Mr Whiston was sentenced to 18 months in prison for armed robbery. He was entitled to automatic release on licence after he had served the first half of his sentence – this first half being known as the “requisite custodial period” – on 5 July 2011. However, before this date on 21 February 2011, Mr Whiston was released on licence under a home detention curfew under s 246 of the Criminal Justice Act 2003. Then, on 7 April 2011, the Secretary of State revoked Mr Whiston’s licence under s 255 of the Act and he was recalled to prison. The reason given was that Mr Whiston’s whereabouts could no longer be monitored in the community.

Mr Whiston challenged this decision, arguing that as a result of the release on licence he regained his liberty, so that the later withdrawal of the licence and recall to prison constituted a deprivation of his liberty which infringed art 5(4) of the ECHR, which reads:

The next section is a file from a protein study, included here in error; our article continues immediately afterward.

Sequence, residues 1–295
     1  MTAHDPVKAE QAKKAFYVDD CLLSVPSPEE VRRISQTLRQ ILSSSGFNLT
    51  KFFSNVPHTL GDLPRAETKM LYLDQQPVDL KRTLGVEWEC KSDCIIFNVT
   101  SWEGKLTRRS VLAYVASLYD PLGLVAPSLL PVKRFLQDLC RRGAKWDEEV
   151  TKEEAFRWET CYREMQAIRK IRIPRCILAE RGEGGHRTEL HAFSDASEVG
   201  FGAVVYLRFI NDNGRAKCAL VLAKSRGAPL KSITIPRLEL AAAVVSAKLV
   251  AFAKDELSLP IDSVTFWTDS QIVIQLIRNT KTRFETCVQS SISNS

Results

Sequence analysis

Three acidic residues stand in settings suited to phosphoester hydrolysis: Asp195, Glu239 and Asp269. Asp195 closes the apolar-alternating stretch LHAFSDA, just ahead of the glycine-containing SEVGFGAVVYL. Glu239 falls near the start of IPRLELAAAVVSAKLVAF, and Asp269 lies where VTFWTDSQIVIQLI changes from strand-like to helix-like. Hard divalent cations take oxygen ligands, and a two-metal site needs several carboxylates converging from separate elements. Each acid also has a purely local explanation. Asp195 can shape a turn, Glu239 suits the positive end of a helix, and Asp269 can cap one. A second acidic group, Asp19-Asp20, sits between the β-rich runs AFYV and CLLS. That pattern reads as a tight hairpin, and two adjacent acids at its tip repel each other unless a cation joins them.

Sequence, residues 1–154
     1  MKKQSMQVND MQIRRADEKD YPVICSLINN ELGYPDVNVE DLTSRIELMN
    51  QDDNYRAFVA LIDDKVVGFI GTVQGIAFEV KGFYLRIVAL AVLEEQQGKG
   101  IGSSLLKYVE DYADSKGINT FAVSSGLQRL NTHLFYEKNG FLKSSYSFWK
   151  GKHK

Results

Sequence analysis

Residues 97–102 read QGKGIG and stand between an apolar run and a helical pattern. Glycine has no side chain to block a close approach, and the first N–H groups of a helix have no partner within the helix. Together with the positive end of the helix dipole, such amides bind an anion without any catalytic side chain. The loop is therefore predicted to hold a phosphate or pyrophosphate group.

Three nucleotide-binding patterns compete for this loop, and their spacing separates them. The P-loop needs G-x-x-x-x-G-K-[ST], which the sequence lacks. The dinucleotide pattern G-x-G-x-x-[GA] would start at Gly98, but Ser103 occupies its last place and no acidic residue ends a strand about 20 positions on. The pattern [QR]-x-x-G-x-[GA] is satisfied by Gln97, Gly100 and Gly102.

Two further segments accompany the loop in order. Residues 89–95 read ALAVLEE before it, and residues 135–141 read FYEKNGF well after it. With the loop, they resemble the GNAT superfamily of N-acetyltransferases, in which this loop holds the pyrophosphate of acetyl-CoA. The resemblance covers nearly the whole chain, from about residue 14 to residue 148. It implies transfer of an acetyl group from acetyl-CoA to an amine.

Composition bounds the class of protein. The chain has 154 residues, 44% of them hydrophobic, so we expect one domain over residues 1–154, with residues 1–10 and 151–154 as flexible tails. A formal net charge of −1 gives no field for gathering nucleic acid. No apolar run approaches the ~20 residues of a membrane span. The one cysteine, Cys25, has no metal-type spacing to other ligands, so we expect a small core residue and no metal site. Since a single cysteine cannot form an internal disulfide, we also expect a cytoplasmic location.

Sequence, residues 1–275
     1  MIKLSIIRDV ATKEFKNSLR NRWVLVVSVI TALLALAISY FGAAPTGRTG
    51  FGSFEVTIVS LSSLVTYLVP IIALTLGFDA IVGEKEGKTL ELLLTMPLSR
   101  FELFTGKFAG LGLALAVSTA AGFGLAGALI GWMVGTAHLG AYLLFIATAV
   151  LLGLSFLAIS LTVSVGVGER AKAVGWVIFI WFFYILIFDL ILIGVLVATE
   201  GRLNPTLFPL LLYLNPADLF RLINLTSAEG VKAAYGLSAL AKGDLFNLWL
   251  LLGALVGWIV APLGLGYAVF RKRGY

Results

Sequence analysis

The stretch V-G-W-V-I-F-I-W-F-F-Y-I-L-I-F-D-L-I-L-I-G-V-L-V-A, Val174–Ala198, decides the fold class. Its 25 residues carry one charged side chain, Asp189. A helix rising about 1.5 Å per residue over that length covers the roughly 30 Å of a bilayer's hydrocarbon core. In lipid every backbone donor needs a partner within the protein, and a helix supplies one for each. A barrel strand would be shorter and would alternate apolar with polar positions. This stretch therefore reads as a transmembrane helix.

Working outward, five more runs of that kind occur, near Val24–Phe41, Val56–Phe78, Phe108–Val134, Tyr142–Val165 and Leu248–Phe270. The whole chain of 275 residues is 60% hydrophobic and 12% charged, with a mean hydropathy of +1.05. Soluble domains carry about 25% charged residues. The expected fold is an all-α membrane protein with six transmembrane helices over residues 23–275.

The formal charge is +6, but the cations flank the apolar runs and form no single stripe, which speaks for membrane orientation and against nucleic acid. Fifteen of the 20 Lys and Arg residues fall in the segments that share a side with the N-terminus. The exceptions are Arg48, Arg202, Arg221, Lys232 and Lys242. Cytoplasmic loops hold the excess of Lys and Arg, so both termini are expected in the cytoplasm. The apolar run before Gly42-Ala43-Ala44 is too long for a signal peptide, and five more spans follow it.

Everyone who is deprived of his liberty by arrest or detention shall be entitled to take proceedings by which the lawfulness of his detention shall be decided speedily by a court and his release ordered if the detention is not lawful.

Legal Issues

Under s 244 of the Criminal Justice Act 2003, where a person has been convicted and given a determinate sentence of twelve months or more, it is the duty of the Secretary of State to release him on licence after he has served the requisite custodial period, subject to certain exceptions. However, a prisoner can also be released on licence during the requisite custodial period under s 246, but they must be subject to a curfew; this was the case in Whiston.